University lecturers in two South American countries are embroiled in deep-rooted disputes with their governments.
In Argentina, university teachers are divided about whether to continue with strikes paralysing higher education after the latest pay talks with the Government.
In Peru, a national strike over pay has brought the public university system to a virtual halt. Students fear the academic year could be lost.
For more than two months, a total of 32 institutions across Peru have refused to open their doors to more than 300,000 students.
Peruvian professors' average monthly salary is 460 soles (£80).
Victor Aguilar, president of the National Federation of University Teachers, has submitted a proposal to the Government requesting annual increases of 30 per cent until 2008. The Government has offered 10 per cent.
Anger has been heightened by the Government's failure to deliver on a commitment made in July by Peru's President, Alejandro Toledo, a Stanford-educated economist and former professor, that professors' earnings would match those of judicial professionals - requiring a threefold increase in their salaries. It is estimated that the proposal would cost some 452 million soles.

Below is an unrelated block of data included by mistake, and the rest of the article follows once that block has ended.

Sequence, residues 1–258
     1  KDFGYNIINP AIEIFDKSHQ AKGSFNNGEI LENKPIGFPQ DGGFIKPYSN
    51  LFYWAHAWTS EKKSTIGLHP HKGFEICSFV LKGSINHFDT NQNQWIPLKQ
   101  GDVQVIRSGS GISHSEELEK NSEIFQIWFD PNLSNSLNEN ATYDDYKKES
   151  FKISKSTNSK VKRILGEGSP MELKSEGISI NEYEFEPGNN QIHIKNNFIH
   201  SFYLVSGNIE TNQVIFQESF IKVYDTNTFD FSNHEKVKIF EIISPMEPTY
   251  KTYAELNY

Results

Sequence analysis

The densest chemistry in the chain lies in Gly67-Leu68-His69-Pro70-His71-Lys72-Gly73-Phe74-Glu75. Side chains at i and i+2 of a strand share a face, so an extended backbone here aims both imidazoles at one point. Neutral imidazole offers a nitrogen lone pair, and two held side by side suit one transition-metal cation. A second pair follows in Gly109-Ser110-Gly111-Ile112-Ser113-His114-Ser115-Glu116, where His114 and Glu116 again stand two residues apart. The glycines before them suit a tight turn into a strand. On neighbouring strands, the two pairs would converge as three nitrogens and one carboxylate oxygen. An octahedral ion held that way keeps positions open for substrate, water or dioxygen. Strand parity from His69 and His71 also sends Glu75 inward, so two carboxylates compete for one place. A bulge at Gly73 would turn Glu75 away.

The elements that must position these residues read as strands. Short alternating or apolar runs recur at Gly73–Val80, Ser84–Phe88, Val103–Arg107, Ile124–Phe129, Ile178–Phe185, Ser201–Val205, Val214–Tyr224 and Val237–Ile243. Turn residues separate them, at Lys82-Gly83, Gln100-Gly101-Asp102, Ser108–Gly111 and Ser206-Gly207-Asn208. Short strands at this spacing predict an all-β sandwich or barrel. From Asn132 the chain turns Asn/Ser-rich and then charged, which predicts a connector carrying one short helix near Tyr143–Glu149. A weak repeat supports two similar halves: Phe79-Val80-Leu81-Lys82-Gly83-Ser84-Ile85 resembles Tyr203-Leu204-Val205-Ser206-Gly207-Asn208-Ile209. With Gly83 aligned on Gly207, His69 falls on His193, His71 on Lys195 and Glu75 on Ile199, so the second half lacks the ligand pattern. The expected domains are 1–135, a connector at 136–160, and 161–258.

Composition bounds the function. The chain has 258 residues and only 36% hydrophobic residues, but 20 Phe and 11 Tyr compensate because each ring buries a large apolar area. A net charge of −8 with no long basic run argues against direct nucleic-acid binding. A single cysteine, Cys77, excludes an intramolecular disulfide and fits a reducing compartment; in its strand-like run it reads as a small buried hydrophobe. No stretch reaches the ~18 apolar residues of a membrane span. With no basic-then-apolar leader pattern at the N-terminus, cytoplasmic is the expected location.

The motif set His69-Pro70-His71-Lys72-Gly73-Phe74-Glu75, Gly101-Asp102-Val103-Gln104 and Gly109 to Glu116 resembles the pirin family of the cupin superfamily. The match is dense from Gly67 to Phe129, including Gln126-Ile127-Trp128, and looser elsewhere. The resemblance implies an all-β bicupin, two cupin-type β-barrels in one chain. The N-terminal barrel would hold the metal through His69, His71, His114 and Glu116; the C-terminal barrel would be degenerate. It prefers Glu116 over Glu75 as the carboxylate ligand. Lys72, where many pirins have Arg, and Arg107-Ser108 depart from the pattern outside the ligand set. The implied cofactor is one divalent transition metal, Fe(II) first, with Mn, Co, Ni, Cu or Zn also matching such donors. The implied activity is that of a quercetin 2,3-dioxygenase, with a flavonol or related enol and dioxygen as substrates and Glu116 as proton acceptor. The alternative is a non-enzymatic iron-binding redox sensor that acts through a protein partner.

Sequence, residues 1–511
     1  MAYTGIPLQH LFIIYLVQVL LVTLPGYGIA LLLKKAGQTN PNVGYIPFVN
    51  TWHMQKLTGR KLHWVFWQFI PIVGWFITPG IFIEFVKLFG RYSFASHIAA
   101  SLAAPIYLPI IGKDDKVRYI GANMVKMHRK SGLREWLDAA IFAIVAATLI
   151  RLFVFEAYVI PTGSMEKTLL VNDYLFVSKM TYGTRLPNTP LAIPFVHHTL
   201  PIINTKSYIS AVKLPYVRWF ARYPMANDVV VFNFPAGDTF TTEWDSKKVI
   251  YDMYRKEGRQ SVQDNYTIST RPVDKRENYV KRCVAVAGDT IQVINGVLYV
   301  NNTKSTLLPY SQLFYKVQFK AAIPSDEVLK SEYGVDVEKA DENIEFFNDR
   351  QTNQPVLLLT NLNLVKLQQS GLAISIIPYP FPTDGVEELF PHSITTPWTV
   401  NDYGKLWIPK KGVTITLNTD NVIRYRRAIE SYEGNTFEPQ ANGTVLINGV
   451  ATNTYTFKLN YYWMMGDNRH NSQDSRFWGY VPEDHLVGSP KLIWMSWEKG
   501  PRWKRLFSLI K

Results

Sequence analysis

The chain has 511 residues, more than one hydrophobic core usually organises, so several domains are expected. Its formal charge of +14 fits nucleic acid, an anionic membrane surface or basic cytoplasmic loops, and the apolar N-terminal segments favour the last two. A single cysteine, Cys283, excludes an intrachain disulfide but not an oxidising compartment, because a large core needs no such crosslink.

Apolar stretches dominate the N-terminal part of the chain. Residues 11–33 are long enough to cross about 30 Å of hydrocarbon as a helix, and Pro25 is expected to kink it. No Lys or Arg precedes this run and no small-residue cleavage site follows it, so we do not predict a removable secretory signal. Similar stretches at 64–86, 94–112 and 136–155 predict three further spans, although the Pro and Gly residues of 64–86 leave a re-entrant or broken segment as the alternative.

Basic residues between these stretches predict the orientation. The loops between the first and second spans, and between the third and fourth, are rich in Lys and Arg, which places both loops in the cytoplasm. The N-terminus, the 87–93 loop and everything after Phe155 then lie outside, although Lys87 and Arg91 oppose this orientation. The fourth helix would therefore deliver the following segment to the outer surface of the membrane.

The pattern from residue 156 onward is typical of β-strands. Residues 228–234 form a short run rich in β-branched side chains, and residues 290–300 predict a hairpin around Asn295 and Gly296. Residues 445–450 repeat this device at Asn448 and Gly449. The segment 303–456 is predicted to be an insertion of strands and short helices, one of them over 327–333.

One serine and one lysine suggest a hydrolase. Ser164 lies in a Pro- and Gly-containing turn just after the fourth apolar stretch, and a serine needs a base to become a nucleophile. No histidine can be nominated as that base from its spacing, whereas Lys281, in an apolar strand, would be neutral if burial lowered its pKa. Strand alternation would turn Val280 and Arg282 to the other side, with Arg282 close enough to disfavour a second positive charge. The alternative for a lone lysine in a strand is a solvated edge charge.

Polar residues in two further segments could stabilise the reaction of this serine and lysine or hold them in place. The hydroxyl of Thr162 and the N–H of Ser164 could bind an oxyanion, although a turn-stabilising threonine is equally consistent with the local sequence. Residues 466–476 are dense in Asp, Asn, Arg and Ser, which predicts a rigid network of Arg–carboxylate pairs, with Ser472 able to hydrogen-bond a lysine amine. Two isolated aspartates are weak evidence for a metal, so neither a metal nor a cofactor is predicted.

In August, the industrial action turned into a hunger strike. Several teachers were admitted to hospitals for dehydration and poor health. In meetings with teachers' leaders, the Ministry of Education said it would raise salaries for the country's 108,000 academics by 22 to 37 per cent.
Meanwhile, Argentinian trade unions are pushing for pay increases of up to 70 per cent to return academics to their standard of living before the 2002 economic crisis.
University teachers have been taking increasingly militant action this year to try to force the Government's hand. Students at the National University of C"rdoba, one of the most important in Argentina, have had no classes for five weeks. Recently, 20,000 students and lecturers marched through the city demanding better pay for academics.
There have also been one-day strikes and sit-ins at state universities, including the University of Buenos Aires and the National University of La Plata. Some 5,000 students and academics recently protested in Buenos Aires.
Parliamentary elections are due next month, increasing the politicised atmosphere on campuses.